The prevalence of gestational diabetes mellitus (GDM) ranges from 1 to 14% of all pregnancies, depending on the population studied and the diagnostic test and its glycemic cutoff, and it mirrors the prevalence of type 2 diabetes (1). The prevalence of GDM in Italy was reported to be 2.3–10% (2).

Sardinia has, with Finland, the highest prevalence in the world of type 1 diabetes and type 1 diabetes–related autoimmune disease (3), while the prevalence of type 2 diabetes is similar to that of other, not high-risk, populations. Its prevalence of GDM is still unknown.

Aiming to verify the prevalence of GDM in a large group of Sardinian women, we studied 1,103 pregnant volunteers of mean age 31 ± 5 years (range 16–46) and BMI 22.5 ± 3.8 kg/m2 (12.7–47.2) who gave consent to take part in an extended, universal screening procedure, at 16–18, 24–26, and 30–32 weeks of gestations. This protocol was chosen, together with a low glycemic threshold (130 mg/dl) for the oral glucose tolerance test, to avoid undiagnosed cases of GDM. Oral glucose tolerance test and diagnosis of GDM were performed according to the American Diabetes Association (4).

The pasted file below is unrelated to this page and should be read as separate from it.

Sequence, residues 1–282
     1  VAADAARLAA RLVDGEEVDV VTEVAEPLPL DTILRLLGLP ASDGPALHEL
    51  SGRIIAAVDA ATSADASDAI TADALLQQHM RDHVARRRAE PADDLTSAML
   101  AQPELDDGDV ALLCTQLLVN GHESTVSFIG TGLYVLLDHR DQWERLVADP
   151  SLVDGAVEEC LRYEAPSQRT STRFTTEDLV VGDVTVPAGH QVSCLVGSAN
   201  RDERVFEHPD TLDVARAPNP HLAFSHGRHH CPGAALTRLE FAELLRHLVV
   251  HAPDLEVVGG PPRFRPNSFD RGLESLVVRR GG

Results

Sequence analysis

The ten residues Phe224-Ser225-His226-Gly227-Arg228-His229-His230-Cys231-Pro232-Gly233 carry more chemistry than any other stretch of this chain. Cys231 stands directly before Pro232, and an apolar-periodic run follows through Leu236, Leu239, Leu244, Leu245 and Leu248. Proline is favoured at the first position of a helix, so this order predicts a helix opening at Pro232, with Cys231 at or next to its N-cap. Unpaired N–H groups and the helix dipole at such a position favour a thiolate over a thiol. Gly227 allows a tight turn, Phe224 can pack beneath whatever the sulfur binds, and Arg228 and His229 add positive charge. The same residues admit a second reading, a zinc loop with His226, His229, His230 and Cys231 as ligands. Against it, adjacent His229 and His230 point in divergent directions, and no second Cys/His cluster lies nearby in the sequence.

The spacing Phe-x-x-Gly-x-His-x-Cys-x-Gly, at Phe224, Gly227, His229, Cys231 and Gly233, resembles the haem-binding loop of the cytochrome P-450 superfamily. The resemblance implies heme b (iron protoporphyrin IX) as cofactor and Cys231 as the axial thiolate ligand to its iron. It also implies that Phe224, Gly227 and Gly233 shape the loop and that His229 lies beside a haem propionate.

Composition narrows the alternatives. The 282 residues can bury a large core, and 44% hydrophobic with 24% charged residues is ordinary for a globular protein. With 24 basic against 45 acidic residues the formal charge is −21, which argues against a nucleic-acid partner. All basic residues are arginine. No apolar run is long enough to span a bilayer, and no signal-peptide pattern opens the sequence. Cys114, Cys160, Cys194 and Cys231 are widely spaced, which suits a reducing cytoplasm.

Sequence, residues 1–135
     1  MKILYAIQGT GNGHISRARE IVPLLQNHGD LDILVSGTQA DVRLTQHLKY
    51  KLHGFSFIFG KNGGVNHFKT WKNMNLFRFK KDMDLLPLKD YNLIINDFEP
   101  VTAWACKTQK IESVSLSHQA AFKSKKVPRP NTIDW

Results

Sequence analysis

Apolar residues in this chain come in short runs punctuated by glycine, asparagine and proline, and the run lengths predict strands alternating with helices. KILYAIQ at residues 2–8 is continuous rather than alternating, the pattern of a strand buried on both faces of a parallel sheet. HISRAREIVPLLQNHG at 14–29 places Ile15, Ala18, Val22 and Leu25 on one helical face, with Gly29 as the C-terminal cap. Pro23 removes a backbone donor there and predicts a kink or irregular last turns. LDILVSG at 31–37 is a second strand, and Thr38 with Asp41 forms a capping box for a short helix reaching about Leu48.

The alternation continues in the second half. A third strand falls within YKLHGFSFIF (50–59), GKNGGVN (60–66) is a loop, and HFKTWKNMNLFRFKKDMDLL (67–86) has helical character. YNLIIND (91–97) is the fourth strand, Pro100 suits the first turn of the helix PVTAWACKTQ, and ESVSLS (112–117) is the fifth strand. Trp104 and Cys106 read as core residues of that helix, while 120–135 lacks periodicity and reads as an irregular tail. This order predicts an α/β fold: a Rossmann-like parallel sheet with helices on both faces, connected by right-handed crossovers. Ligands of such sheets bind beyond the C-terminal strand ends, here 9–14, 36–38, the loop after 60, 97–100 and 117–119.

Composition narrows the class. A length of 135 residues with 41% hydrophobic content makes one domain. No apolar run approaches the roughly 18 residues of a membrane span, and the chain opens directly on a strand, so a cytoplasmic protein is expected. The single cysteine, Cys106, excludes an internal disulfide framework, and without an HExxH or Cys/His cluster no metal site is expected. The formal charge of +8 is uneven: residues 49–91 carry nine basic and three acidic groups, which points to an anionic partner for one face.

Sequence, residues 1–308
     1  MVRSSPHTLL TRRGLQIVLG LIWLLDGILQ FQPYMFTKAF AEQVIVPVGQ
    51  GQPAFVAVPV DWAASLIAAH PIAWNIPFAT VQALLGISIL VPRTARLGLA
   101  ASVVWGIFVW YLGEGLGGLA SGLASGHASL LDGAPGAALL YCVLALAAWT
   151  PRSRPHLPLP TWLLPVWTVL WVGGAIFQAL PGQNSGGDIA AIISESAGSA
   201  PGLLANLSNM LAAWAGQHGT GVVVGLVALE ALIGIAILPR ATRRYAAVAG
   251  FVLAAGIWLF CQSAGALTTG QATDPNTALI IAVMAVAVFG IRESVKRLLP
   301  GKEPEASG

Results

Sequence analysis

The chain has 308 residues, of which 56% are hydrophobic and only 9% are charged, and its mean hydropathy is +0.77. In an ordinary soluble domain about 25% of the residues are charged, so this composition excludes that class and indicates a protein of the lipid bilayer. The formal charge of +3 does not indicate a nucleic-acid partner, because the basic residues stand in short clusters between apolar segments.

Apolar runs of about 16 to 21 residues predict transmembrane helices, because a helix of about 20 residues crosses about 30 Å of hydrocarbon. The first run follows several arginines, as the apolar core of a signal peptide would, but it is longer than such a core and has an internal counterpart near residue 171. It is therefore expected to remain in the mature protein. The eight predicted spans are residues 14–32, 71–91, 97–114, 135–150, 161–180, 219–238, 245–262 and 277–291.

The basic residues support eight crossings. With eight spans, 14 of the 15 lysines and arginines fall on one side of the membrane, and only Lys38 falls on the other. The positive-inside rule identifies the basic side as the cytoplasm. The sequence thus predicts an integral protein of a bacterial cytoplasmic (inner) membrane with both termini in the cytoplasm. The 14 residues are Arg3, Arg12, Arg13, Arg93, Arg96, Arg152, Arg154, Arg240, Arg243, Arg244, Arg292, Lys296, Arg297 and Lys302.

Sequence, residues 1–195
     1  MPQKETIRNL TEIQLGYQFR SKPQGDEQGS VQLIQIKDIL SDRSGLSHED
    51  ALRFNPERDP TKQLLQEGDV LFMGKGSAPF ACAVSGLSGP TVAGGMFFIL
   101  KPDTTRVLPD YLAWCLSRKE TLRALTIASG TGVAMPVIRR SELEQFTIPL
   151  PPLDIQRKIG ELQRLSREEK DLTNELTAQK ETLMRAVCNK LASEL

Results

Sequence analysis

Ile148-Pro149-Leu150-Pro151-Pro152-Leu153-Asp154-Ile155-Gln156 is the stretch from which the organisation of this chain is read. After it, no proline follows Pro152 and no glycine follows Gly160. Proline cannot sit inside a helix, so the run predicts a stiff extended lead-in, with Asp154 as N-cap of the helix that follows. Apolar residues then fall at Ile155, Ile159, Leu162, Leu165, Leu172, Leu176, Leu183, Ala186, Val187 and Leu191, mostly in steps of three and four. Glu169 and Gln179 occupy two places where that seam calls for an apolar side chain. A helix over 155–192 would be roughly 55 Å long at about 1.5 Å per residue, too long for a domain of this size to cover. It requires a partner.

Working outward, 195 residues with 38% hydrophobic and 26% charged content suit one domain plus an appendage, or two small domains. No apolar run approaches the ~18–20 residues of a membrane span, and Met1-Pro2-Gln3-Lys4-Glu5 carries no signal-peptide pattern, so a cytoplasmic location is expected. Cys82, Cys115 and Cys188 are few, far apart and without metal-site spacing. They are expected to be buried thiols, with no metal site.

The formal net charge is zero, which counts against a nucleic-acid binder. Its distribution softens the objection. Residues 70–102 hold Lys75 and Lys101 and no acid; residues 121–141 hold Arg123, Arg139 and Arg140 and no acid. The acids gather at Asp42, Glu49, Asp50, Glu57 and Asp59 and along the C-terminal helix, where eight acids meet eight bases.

We showed a very high (247/1,103; 22.3%) prevalence of GDM, of which 28.4% was diagnosed at 16–18 weeks (prevalence 6.6%), 25.9% at 24–26 weeks (5.8%; not significant vs. 16–18 weeks), and 44.5% at 30–32 weeks (9.9%; P < 0.01 vs. 20–24 weeks and P < 0.02 vs. 16–18 weeks). The 130- mg/dl threshold allowed us to detect 12.8% more GDM cases compared with the 140 mg/dl threshold. The difference in prevalence of GDM between our group and others, particularly other Italian regions, is only partially explainable by our extended screening procedure. Furthermore, it is in contrast with the prevalence of type 2 diabetes in Sardinia. Considering the genetic and immunological characteristics of the Sardinian population, we postulate that a greater proportion of our GDM cases than that reported by others (5) can have autoimmune origin and thus be associated with the high type 1 prevalence in our island. This hypothesis is strengthened by the low prevalence of obesity (4.9%) and the relatively low BMI of our patients. An autoantibody panel is currently under investigation in our laboratory.

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